ST. LOUIS — Missouri has announced that it will start allowing religious groups to be eligible for certain state grants, although the decision may not affect a religious-freedom case before the U.S. Supreme Court this week.
“We commend Gov. Greitens for reversing a policy of discrimination against religious groups applying for neutral and widely available grants to do important work for the state of Missouri,” said Ashley McGuire, senior fellow with The Catholic Association, on Friday.
She responded to an announcement from the state’s new governor, Eric Greitens, that religious groups will now be eligible for grants from the state’s department of natural resources.
It is unclear whether the decision will affect the case of Trinity Lutheran Church of Columbia v. Comer, which is scheduled for oral arguments at the Supreme Court on Wednesday. The case centers around a playground owned by a Missouri church and used by its preschool. The playground is used by both members and non-members of the church.
In order to make upgrades to the playground’s surface as a safety measure, the church applied for a grant through a state program that provides materials from used tires to resurface playgrounds.
However, the playground was ruled ineligible for the state grant because the church, which runs the preschool, is a religious group. The state’s constitution includes an amendment barring religious groups from receiving taxpayer funds.
“The safety of all children matters, whether they attend a religious school or a nonreligious school,” Alliance Defending Freedom senior counsel David Cortman stated on Thursday. ADF is representing the church before the court.
“The state of Missouri denied the Trinity Lutheran Child Learning Center’s access to a public program that would have made their playground safer — and did so on the basis of religious status, a direct violation of the U.S. Constitution and Supreme Court precedent,” Cortman said.
Opponents of Trinity Lutheran’s case insist that the state’s constitution bars churches from receiving taxpayer funds as a measure prohibiting the unconstitutional establishment of religion.
However, supporters of the church insist that the amendment was drafted during a time of anti-Catholicism and was meant as a measure to prevent Catholic schools from receiving the public benefits that the largely Protestant public-school system received.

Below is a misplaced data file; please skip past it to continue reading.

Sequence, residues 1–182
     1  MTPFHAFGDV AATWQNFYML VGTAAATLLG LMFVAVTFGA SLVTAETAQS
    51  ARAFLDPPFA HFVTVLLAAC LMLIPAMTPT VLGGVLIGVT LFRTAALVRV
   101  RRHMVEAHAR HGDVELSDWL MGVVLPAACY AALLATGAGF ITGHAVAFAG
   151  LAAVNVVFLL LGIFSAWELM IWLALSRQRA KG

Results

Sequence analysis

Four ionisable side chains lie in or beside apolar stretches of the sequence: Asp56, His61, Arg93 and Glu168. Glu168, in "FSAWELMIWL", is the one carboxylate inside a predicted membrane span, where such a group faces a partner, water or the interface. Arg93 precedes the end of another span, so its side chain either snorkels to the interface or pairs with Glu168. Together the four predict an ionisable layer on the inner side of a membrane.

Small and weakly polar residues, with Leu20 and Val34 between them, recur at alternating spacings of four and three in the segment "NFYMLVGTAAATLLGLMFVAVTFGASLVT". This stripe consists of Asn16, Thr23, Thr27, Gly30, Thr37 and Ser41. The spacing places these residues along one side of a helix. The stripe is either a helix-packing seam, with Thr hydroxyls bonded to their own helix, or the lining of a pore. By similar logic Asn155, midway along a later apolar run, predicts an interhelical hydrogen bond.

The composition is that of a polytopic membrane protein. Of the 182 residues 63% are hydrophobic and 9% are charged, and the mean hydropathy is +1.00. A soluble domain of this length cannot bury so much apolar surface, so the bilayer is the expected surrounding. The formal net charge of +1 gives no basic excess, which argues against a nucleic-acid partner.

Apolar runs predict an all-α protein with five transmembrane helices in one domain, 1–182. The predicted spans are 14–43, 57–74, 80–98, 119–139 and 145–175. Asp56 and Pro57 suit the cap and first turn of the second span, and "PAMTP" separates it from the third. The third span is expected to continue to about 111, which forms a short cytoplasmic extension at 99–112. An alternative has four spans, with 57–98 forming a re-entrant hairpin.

Today, religious-freedom advocates say the amendment is used by secularists to cut off all religious groups from state funding.
Then last week, Gov. Greitens said that churches and religious groups were now eligible for public grants from the state’s department of natural resources for purposes such as improving recreational facilities and field trips.
“Before we came into office, government bureaucrats were under orders to deny grants to people of faith who wanted to do things like make community playgrounds for kids,” Greitens stated, adding, “That’s just wrong.”
“We have hundreds of outstanding religious organizations all over the state of Missouri who are doing great work on behalf of kids and families every single day. We should be encouraging that work. So, today, we are changing that prejudiced policy,” he continued.
The state’s Catholic Conference praised the announcement.
“We applaud the governor’s move to make sure these non-sectarian DNR grants and programs are available to all children without religious discrimination,” Mike Hoey, executive director of the Missouri Catholic Conference, stated.
The announcement is “an important step for the state of Missouri away from anti-religious Blaine Amendments,” McGuire insisted.
However, the statement did not officially mean that Trinity Lutheran was retroactively eligible for grants for its playground.
“Just as today’s announcement from the governor states, his new directive doesn’t resolve the discriminatory actions that were taken against Trinity Lutheran’s preschool and the attempt to deny Trinity Lutheran its constitutionally protected freedom to participate equally in society,” Cortman stated.
Although oral arguments in the case are scheduled for this week, the Supreme Court last Friday reacted to Greitens’ announcement by ordering the church and the state to determine whether or not his new policy would affect Trinity Lutheran’s eligibility for the playground grants.
The deadline for both parties to submit their letters to the court is by noon on Tuesday, April 18.
Cortman said, “Alliance Defending Freedom looks forward to advocating for the equal treatment of all Americans of faith at the Supreme Court.”